I will never be Rastin

Rastin’s situation is very familiar to my friends and me…

Recently I read the Turkish writer Hakan Gunday’s novel, Daha. It begins as a story of a boy named Gaza, who together with his father gets involved in illegal trafficking of migrant workers. As the story develops, it touches on many other issues.

The key parts of the story are Gaza’s experiments on the Afghan refugees who are being temporarily kept in a bunker in their backyard, and the results of these experiments.

Gaza repeatedly tortures the refugees, and examines their behavior in different situations. To help conduct his “experiments”, he chooses one of the refugees, Rastin, to assist him. Gaza instructs Rastin through a radio and Rastin, in turn, explains those instructions to other refugees and makes sure they follow them. As time passes, Gaza realizes that Rastin is exceeding his instructions with regard to the mistreatment of his fellow countrymen. Later, when Gaza asks Rastin for the reason behind this, Rastin replies that he used to be a student in Kabul University where he was involved in a political struggle for the freedom of Afghan people, but a lot of his friends were killed or arrested. The people never showed their support or believed in them, and mocked them instead. As a result he was forced to flee the country. That is why he hates his people, and Gaza’s experiments presented an opportunity to take revenge.

Rastin’s situation is very familiar to my friends and me. We, and our families, have faced hardship and betrayal. Most people in jail and outside have taunted us, saying that we will never be able to achieve anything, that we are too weak to fight the government, and other words of discouragement. After our arrests, even our own friends and relatives, who used to stand with us, showed no support for us. Instead, people mostly tried to give us advice.

A lot of the people we meet in jail ask us the same question: “Does anyone even support you?”; mostly in reference to financial support. Every time I respond to it by trying to explain that I am not doing this because someone does or does not support me. If I get support – great, but if I don’t, I will still continue to do what I’m doing. Most of them are not satisfied with this answer. They don’t believe me or perhaps simply choose not to.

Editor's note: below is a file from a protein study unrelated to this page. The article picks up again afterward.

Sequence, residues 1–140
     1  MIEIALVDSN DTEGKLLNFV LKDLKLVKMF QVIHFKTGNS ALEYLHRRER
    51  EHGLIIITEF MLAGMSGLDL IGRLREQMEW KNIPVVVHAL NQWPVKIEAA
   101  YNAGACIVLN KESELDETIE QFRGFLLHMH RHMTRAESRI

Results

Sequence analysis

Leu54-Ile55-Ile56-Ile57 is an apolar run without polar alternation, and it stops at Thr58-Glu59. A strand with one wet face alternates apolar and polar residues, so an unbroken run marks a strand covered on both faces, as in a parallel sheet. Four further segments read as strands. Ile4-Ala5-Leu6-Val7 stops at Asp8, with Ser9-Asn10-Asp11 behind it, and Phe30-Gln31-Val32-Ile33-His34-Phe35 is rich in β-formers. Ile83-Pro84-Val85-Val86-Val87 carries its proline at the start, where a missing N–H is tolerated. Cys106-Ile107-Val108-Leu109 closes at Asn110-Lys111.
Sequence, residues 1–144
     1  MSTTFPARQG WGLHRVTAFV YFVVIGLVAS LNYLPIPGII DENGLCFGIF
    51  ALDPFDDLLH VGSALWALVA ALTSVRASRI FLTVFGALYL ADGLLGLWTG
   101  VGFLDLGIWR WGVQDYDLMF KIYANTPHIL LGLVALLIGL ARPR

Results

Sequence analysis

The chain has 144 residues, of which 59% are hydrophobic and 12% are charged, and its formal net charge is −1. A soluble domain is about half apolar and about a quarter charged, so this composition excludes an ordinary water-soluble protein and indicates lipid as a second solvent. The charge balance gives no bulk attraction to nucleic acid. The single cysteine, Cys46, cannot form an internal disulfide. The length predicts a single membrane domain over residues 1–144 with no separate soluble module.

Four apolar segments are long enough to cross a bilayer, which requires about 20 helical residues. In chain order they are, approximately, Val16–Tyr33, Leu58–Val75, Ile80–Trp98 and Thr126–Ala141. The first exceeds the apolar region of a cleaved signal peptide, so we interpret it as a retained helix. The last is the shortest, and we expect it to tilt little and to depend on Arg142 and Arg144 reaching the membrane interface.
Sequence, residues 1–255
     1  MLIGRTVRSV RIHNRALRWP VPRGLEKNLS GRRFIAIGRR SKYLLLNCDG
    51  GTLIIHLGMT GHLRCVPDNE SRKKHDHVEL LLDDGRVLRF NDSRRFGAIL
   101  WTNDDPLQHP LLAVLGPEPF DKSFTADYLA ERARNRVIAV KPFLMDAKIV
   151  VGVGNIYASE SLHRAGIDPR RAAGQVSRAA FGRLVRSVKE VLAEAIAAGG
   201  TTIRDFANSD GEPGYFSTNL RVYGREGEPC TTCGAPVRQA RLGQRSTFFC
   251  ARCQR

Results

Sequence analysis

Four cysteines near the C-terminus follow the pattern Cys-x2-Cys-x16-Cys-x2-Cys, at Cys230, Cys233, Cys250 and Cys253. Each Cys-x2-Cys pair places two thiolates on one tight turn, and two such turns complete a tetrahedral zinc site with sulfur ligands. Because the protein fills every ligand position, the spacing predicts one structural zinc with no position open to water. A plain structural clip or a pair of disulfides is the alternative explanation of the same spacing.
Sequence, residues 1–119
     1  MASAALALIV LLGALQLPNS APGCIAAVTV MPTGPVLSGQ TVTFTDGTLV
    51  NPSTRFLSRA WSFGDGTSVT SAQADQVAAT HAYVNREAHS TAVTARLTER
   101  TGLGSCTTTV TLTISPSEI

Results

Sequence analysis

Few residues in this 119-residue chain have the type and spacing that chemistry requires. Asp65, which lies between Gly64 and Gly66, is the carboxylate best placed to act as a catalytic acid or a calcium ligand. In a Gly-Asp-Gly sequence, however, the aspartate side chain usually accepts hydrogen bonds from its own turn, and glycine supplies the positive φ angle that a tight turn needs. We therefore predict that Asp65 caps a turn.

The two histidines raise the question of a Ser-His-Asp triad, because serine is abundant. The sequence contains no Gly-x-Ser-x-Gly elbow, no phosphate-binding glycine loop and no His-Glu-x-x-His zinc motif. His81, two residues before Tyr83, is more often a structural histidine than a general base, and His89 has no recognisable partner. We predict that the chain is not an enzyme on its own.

Perhaps all of this could make us think like Rastin. Maybe we could also develop hatred towards our nation.

Some of the parents of soldiers who were killed during the ceasefire have attended several of our hearings . Their attendance was more important to us than that of all the other people, as they are the ones for whom we got arrested. It’s a very strange feeling – a good one – to see them in the courtroom.

Now, having read this novel, it has become clear to me again that even if nobody attends our judicial proceedings, I will continue to do what I do without ever becoming Rastin. Our judicial process is still going on, and we will probably receive a long prison sentence, but neither jail time nor anything else will ever change my mind about the commitments I have made.

Although I don’t see myself as a hero, I will end this article with this excerpt from the novel:

“Responsibilities are given to heroes by themselves, not by the people. That is why heroes don’t have the right to call the people to account.”

P.S. There were people who supported us, or at least tried to support us during our time in prison and for that I am thankful to them.

16.01.2014 BPDF

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